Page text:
FBI issues warning about potential cyber scams targeting voters ahead of November election
The FBI and the Cybersecurity and Infrastructure Security Agency have issued a warning about potential scammers, cybercriminals and foreign actors that may be targeting voters in the upcoming presidential election.
The agencies say that spoofed URLs and email domains could pose a risk to the American public. They say that the scammers are using fraudulent websites and email addresses posed as legitimate election resources that could easily dupe victims into giving away their personal information or infect computers with malware.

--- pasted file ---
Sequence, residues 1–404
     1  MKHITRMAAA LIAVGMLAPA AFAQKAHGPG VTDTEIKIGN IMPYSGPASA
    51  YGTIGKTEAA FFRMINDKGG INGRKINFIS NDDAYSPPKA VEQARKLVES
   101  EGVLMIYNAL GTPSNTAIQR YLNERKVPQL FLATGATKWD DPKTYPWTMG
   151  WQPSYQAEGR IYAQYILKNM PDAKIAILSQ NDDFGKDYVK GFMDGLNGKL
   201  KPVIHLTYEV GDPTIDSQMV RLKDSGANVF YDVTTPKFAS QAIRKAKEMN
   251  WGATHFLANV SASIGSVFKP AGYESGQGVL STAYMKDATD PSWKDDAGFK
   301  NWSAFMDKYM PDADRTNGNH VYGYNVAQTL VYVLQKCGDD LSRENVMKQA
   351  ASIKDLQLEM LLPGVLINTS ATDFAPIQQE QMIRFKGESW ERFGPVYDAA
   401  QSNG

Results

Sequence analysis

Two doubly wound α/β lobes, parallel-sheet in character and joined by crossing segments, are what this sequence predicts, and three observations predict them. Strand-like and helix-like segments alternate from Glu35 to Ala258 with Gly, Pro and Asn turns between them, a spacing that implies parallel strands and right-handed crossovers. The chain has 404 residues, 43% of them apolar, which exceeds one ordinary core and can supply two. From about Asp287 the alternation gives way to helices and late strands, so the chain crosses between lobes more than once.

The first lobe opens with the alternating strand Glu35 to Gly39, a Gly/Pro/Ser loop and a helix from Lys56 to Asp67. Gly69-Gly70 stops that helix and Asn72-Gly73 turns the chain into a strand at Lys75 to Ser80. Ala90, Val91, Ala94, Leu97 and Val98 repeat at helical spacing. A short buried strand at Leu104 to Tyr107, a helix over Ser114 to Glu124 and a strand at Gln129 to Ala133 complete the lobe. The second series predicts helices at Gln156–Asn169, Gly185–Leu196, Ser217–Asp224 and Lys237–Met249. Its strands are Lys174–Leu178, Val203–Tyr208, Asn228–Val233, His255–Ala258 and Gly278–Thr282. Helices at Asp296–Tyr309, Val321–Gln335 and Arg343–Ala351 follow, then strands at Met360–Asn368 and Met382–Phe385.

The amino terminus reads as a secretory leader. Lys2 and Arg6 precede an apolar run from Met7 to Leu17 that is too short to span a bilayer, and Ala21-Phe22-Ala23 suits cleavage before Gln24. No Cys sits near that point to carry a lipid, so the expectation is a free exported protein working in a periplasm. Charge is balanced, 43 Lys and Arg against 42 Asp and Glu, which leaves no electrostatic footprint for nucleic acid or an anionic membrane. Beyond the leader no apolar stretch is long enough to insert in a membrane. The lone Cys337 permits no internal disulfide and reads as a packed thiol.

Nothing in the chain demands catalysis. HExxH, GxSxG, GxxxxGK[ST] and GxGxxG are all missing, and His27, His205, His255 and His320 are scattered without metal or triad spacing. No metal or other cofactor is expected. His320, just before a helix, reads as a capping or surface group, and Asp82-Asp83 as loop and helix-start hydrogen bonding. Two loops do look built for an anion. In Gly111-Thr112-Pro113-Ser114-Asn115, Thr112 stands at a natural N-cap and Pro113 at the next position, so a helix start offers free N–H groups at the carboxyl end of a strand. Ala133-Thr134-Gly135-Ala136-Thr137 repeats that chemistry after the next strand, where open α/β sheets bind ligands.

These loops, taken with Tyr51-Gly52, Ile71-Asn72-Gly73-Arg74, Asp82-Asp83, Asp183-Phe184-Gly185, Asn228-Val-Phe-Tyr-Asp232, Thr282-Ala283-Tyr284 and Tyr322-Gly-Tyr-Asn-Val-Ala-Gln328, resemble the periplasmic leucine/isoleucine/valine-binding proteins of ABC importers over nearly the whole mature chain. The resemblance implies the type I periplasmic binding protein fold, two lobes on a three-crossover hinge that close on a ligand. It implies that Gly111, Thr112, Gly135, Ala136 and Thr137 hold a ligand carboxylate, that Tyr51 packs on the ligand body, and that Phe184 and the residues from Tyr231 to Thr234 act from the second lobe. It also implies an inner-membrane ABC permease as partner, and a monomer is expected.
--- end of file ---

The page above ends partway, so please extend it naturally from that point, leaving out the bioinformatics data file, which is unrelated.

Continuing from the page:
To avoid becoming a victim, the FBI suggests carefully checking the spelling of web addresses, websites and email addresses. Scammers will often use .com addresses instead of .gov ones or misspell words.
Voters should seek out information from trustworthy sources, make sure their computer and anti-virus software is up to date and remove unneeded software apps. Using two-factor authentication is also recommended.
The FBI also warns voters now to open emails or attachments from someone they don’t know and to never give out personal information via email. Many emails requesting personal information will appear to be legitimate.
The FBI is encouraging the public to report any suspicious or criminal activity to their local FBI field office or the FBI’s Internet Crime Complaint Center.